2003 Columbus--following the lead of Cincinnati (pigs), Lexington
(horses) and Chicago (cows)--sponsored 6-1/2-foot fiberglas ears
of corn to be decorated by local artists and later auctioned off
as a community fundraiser. Shown here is Clintonville artist Ann
Alaia Woods by her corn, chosen by the Columbus Dispatch. It stood
across from the Dispatch's downtown Columbus offices. Ann, a calligrapher,
hand lettered hers with the names of hundreds of remarkable people
either born in Ohio or who came to call Ohio their home--groups
and individuals in every field who contributed significantly to
state, national and, often, world history, from the native tribes
and leaders who first settled here to contemporary individuals.
Ann's website at: http://www.aimiaartworks.com
Mounds of the Midwest
Connecting links and
In stone and mud.
Tracing paths from
Stars to stones.
The meaning is lost
Within its riddle
(The riddle lost
Within its form).
Like a serpent
In the sun.
Sinuous and suggestive,
Resting before it strikes.
From the snake
As well as pain
(we are all united
In this single refrain).
The makers are gone
The meaning is gone
The culture is gone
(Unknown, quite dead).
Even the mounds
Are mostly gone
(Plowed and bled).
The warming earth
The snake remains.
The Non–Fiction Theater of the Truly Mundane
by Rick Brown
The driveway of a middle class urban neighborhood. A small community
center bus is parked directly in front of a sidewalk that leads
up to the front door of a small, immaculate, white two story frame
house. An old fashioned lamppost is situated next to the walkway.
Rick (the driver) is seen standing next to the open accordion
bus doors. He is helping a little old lady out of the bus. Sitting
inside are 5 other senior ladies.
Rick – Here we are! Do you need help getting out?
Little old lady – A little maybe. I’m going to be
99 on June 2nd you know.
Rick – Why yes. I heard you talking to the others about
that. I think that’s just wonderful!
Little old lady – Isn’t it though.
She begins her decent down the bus stairs.
Rick – Now you watch this last step. It’s a bit more
of a drop than the others. It’s a doozy really.
Little old lady – You know, this one time we all went to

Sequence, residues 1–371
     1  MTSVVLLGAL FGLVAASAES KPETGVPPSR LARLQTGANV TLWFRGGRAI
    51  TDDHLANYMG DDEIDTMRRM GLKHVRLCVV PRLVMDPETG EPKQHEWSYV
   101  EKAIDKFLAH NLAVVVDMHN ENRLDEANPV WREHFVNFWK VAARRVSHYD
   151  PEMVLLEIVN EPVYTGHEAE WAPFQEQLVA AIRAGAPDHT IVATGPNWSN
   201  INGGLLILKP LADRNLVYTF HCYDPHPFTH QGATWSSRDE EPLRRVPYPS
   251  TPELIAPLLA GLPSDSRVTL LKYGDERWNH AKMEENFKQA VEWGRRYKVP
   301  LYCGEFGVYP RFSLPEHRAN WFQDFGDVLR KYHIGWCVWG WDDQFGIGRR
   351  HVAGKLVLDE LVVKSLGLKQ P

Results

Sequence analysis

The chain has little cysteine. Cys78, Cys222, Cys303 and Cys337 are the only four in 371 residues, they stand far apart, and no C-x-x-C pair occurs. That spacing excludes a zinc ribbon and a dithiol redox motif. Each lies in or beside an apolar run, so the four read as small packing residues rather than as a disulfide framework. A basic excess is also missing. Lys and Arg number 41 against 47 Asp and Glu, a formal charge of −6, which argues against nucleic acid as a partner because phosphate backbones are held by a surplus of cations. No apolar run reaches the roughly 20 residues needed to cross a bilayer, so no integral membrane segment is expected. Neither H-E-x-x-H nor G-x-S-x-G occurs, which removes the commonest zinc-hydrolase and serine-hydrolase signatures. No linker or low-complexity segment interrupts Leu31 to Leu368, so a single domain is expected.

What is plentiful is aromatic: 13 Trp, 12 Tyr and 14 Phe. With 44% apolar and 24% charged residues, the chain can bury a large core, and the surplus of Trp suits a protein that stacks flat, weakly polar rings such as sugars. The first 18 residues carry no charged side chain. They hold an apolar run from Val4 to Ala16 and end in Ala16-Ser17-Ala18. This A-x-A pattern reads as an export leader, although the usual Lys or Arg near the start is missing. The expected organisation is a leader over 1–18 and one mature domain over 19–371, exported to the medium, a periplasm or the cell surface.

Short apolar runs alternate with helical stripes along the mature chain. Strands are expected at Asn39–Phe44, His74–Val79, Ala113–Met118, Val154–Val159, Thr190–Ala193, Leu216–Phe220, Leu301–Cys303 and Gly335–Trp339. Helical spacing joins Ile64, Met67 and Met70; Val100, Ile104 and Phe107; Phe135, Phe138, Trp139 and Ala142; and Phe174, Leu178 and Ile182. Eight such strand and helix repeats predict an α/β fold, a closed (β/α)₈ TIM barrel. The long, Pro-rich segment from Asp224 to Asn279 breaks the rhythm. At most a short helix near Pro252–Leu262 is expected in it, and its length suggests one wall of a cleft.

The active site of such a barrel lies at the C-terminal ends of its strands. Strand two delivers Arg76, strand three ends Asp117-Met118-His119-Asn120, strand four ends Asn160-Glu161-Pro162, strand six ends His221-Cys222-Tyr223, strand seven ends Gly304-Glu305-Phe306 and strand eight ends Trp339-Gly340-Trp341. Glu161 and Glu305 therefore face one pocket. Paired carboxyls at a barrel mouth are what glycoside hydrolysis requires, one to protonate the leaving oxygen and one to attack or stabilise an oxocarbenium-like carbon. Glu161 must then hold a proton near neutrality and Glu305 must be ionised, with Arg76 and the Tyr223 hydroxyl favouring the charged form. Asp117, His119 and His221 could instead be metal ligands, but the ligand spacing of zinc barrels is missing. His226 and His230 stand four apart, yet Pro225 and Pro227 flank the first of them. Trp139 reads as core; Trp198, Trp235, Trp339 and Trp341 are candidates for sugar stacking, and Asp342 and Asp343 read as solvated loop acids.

lunch. And one lady got drunk. And when she got to this last step
she turned and looked at the rest of us. And do you know what
she said Rick?
Rick – I have no idea.
Little old lady – She said “This last goddamned step
is a BITCH!”
Rick – himself
Little old lady – her almost 99-year-old self
never been to jail
spent most of my life
in prison though
i've worn this pink
jumpsuit most of my
life. like i'd earned a life
sentence living gender.
I've been a waitress, a dishwasher
a sales clerk a social worker a mother
a wife a daughter a sister a poet
a lover, a quick fix, a heartbreak waiting
to happen, his confidante
and always wearing this pink jumpsuit always
give me the freedom of never
knowing the freedom of equality
the freedom to fail as myself
the freedom that even a man
behind bars gets when he
wears a blue prison suit at least
then you get a sentence for what
kind of work you did or didn't do
not what kind of human you aren't
what kind of space your ass takes up
what kind of attitude your mouth takes
on when pushed up against a pink wall
surrounded by a glass ceiling
whether or not you can balance on
a heel of a shoe designed to look
pretty and hurt like hell while you
smile, will there be anything else sir?
and have to go home and explain why there
isn't enough money for your son's new
sneakers. and answer to the media
about how all the single mothers are
bringing this country down
If taking it off means walking
down the street naked exposed
free of any identity at all well
leave it piled up there in the corner
along with all the other laundry
i've washed and cast off along the way